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12:16pm

Mon August 17, 2015
It's All Politics

Bernie Sanders and the Size and Wisdom of Crowds

Sen. Bernie Sanders, I-Vt., has gotten some of the biggest and most devoted crowds of the 2016 presidential race, including in Portland, Ore., this month, where he drew more than 19,000.
Troy Wayrynen AP

One measure of how impressive Bernie Sanders' crowds have been lately is the respect they get from Donald Trump, a man who clearly believes size matters.

"He's getting the biggest crowds, and I'm getting the biggest crowds," Trump said last week of Sanders in one of his innumerable TV interviews.

He meant it as a putdown of Hillary Clinton, but the left-handed salute to Bernie resonated. Because he has arguably drawn the very biggest crowds this summer, even more "biggest" than Trump's.

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11:18am

Mon August 17, 2015
The Two-Way

Deadly Explosion Rocks Thailand's Capital City

Originally published on Mon August 17, 2015 11:57 am

Thai soldiers inspect the scene after a bomb exploded Monday evening near the Erawan Shrine in central Bangkok.
Pornchai Kittiwongsakul AFP/Getty Images

An explosion tore through a major intersection in the center of Bangkok, Thailand's capital city, near a Hindu shrine popular with tourists.

Multiple news reports put the number of people killed at more than a dozen. Scores of people were wounded in the blast at about 7 p.m. local time.

Maj. Gen. Weerachon Sukhondhapatipak, a spokesman for Thailand's ruling junta, said there were at least two bombs and that at least one had detonated, according to The Associated Press.

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10:55am

Mon August 17, 2015
The Two-Way

Cute And Cuddly? Think Again. Koala Terrifies Aussie Farmer

Originally published on Mon August 17, 2015 12:35 pm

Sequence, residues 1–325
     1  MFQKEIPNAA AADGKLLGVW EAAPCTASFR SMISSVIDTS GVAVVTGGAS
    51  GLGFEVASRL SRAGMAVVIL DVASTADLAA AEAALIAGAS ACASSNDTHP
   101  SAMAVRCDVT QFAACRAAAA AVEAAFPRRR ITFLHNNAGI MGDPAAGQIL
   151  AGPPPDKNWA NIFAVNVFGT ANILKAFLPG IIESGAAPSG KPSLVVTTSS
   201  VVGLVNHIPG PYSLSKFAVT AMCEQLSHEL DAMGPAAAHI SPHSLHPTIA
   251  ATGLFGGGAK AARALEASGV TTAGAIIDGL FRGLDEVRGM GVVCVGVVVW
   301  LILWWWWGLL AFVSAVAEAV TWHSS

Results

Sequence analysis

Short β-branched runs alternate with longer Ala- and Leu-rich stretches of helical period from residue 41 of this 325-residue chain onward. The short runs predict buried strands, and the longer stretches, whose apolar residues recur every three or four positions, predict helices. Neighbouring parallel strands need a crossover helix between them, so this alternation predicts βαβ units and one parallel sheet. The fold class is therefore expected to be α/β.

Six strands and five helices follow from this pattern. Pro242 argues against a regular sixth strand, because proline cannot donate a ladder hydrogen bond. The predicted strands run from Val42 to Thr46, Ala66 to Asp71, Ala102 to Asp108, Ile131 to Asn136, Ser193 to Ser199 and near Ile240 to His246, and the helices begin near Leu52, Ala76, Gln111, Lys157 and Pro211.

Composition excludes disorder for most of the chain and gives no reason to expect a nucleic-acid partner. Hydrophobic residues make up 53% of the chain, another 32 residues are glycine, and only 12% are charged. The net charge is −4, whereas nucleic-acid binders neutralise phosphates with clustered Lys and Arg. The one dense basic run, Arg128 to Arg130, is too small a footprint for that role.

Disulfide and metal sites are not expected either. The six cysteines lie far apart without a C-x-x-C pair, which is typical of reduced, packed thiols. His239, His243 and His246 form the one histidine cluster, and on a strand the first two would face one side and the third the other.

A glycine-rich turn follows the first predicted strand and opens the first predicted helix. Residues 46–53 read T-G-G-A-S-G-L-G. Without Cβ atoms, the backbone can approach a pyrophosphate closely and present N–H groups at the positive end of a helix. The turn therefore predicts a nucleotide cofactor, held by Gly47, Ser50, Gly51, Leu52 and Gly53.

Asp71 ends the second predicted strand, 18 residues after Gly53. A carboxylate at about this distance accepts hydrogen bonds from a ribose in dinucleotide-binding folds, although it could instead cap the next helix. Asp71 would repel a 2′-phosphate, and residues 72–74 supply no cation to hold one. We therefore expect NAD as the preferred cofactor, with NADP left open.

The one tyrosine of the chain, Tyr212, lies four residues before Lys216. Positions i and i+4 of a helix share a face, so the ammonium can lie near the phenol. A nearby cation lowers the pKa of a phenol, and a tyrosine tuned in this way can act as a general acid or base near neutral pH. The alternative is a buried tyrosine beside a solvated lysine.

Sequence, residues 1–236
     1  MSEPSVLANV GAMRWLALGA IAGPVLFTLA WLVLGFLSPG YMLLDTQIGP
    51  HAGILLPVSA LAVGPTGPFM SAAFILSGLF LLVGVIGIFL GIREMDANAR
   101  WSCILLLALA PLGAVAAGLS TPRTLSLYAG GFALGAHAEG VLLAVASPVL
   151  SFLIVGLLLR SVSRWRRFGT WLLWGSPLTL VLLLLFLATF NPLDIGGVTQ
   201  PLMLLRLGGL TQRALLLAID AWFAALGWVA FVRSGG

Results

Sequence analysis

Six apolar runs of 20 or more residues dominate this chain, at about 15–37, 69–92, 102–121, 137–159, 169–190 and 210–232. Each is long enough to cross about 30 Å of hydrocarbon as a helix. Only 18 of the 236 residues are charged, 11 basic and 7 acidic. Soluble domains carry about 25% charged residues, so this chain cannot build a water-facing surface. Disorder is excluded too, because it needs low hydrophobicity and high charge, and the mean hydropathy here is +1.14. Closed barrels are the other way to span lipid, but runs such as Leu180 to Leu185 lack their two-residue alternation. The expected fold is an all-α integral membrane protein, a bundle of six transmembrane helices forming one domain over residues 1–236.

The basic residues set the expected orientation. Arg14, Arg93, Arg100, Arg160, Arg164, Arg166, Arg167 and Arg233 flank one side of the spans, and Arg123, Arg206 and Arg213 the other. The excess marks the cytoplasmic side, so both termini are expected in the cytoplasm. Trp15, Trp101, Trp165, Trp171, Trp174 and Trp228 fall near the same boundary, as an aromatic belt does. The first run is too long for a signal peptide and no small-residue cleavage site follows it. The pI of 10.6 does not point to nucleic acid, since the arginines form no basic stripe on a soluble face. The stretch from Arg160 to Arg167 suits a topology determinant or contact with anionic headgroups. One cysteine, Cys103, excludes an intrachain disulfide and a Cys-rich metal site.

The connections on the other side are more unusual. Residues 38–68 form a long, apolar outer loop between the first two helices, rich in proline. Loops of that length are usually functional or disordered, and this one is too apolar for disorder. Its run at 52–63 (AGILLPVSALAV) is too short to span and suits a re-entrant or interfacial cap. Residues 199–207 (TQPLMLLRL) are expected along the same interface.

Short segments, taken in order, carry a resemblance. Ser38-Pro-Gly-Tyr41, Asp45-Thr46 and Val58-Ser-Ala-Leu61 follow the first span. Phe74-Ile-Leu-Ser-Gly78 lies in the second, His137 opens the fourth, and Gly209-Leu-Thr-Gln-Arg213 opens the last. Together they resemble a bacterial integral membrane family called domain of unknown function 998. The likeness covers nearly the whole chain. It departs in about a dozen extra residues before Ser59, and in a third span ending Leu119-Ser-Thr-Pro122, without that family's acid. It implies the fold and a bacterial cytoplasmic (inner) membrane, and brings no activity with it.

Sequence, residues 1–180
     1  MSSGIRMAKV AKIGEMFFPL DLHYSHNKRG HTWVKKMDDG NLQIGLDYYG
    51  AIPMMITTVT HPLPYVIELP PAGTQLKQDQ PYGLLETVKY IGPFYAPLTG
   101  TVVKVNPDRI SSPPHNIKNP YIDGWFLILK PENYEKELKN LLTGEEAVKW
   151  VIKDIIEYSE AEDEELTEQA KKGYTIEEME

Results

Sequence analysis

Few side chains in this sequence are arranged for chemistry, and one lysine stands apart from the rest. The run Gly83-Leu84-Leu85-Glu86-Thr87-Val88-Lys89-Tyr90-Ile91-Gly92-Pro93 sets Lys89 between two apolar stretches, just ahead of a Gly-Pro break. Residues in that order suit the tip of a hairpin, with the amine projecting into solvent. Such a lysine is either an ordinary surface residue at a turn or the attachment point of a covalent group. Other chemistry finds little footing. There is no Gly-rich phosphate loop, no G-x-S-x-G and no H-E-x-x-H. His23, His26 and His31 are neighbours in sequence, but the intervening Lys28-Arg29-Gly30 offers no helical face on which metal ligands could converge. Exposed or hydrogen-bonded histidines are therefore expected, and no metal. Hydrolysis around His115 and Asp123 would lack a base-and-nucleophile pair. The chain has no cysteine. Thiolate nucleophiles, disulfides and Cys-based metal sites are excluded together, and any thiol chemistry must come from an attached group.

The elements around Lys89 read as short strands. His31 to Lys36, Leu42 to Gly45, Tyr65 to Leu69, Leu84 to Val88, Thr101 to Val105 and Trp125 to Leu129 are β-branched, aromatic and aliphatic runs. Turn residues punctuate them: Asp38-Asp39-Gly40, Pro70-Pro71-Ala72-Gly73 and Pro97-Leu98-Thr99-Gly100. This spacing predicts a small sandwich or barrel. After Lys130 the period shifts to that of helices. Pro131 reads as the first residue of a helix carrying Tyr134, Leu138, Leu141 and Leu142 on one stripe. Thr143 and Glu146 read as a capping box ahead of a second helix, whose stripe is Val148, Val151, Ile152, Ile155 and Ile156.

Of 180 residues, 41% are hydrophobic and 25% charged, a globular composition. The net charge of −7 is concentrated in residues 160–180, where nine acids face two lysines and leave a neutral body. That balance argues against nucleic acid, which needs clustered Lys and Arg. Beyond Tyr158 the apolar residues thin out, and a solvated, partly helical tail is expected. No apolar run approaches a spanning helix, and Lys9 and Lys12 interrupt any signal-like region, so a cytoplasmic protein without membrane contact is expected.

A speedy koala caught up to this four-wheeler.
Ebony Churchill

You thought koalas were cute and cuddly, right?

Well, you should ask Ebony Churchill, an Australian dairy farmer, about that.

Churchill uploaded a video on Facebook over the weekend that shows a big koala chasing after her.

"They've got hard, sharp claws, and I didn't want to have him grabbing at my leg as I was on the bike," she told her local paper, The Advertiser.

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9:56am

Mon August 17, 2015
The Two-Way

Jeff Bezos Responds To 'New York Times' Report On Amazon's Workplace

Amazon CEO Jeff Bezos appears at an event last year in Seattle for the launch of the new Amazon Fire Phone.
Ted S. Warren AP

Following a weekend New York Times feature that depicted an often harsh and unforgiving workplace culture at tech giant Amazon, CEO Jeff Bezos has responded in a memo to employees.

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8:03am

Mon August 17, 2015
Around the Nation

New Jersey Brewery Crafts Beer For Pope's Visit

Originally published on Mon August 17, 2015 8:50 am

Copyright 2015 NPR. To see more, visit http://www.npr.org/.

8:03am

Mon August 17, 2015
Around the Nation

New York City Council Considers Plan To Text 911

Originally published on Mon August 17, 2015 8:50 am

Copyright 2015 NPR. To see more, visit http://www.npr.org/.

7:10am

Mon August 17, 2015
The Two-Way

Indonesian Authorities Spot Wreckage Thought To Be Of Missing Plane

A Trigana Air ATR-42 similar to the one missing in Indonesia's easternmost Papua province.
Bagus Indahono EPA/Landov

Indonesian authorities have spotted a wreckage, which they believe belongs to a missing Trigana Air Service turboprop plane, in a remote area of Papua.

The Financial Times reports:

"Search and rescue aircraft spotted the wreck in the Bintang Mountains, according to Reuters, and are heading to the site to look for any survivors.